I’m going to make you an offer on your IRA. We’ll use half a pair of honest dice – one die. If you roll it and it comes up one through five, I’ll add 50% to your current IRA balance – if you have $100,000 and win, you’ll wind up with $150,000! However, if it comes up with a six, I win your IRA. How about it? If you roll the dice six times the expected average return is a gain of 25%, but that average return distorts the risk of the situation because there is a 16.7% chance that you’ll roll a six on that first try. If you roll a six on the first try, you lose everything; game over.
Investing can also distort the true risk of loss. Suppose there is a 90% chance that an investment will produce a 10% return each year for the next five years – those are pretty good odds – but perhaps the more important question is how much can you lose if that 1 in 10 chance happens? If the loss is 20% and it occurs in your first year, the actual annualized 5-year gain is 3.2%, even though four out of five years produced 10% returns.
I used 20% because a 20% loss is the definition of a bear stock market, but that’s the starting point and not the limit of a bear market loss. In the last bear, market many stock indexes dropped over 50%! Even if there had been a 90% chance that an investment would return an amazing 19% a year for the next five years, if the first year suffered a 50% decline you’d still have a loss at the end of the five years.
A bigger problem with having the boldness to say there is a 90% chance of a gain or that the maximum loss is 50% is that those statements are based on the results of models that like to pretend that finance is the same as physics. But finance ain’t! Although financial consequences are the result of cause-and-effect, the relationship is not linear and can be completely disrupted by outliers (occurrences with a very small probability of occurrence) that are either unpredicted or are completely ignored because the odds of the nasty event happening are so low.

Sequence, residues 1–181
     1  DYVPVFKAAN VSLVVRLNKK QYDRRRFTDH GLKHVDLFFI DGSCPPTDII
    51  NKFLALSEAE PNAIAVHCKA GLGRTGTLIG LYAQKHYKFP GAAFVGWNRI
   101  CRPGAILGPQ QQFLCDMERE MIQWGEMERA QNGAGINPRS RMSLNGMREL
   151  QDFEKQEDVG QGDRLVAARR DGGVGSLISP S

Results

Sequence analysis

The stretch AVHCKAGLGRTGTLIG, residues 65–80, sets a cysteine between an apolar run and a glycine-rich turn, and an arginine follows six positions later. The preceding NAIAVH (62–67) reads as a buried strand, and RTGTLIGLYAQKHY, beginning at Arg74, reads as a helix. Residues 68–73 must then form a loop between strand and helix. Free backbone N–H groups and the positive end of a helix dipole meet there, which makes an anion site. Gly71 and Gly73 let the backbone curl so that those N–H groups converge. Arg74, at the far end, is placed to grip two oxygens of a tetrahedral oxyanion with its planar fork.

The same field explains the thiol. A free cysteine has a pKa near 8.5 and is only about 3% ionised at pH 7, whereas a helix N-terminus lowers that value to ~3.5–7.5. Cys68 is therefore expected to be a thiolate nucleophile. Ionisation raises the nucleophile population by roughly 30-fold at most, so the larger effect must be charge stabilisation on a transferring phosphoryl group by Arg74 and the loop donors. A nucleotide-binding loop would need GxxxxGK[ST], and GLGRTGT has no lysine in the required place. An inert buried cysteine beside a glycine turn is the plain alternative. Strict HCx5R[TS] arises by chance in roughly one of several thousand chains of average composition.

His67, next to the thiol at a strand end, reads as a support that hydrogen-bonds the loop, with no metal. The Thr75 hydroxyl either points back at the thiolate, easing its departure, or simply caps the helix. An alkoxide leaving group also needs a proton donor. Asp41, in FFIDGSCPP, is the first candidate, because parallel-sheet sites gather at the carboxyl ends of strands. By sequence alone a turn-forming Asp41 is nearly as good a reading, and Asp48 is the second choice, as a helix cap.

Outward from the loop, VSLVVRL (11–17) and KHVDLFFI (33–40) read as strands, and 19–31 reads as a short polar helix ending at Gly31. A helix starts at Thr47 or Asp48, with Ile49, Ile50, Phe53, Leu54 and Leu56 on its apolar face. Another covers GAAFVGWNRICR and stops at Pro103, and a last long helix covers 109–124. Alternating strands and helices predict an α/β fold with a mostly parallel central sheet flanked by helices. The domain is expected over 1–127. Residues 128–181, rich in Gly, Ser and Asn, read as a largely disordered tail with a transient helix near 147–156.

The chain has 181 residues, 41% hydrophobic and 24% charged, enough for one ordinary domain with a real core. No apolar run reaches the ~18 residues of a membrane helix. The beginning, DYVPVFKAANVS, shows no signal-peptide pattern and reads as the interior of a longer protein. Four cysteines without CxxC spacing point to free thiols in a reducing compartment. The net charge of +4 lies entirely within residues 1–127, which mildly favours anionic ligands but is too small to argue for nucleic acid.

The belief in 2006 was that there would never be a mortgage bond default crisis because the mortgage bond quantitative model showed the odds of this happening were too remote. What they should have done was shut off their computers and asked “what if?” Our model says that the possibility that 100% of our “AAA” rated bond portfolio going into default is very remote, but what if it did happen multiple times and what if these defaults forced one of the largest investment banks on the planet out of business? Could that scenario result in an international banking crisis, and if so, how would that affect the perception of other good quality bonds and the ability of homeowners to borrow? And the answer is: Lehman Brothers did fail and the world narrowly avoided a global depression.
The problem with investments is that it’s impossible to create finite linear math models that can predict the unpredictable. What that means is to truly understand the risks, sometimes you need to throw away the spreadsheets, the charts, and the purported “odds” and simply ask, “what if?” You may decide to go in a completely different direction.
This article was written by:
Dr. Jack Marrion
Dr. Marrion is the founder of SafeMoneyPlaces.com. His research on senior decision making and the financial world have been featured in hundreds of publications.
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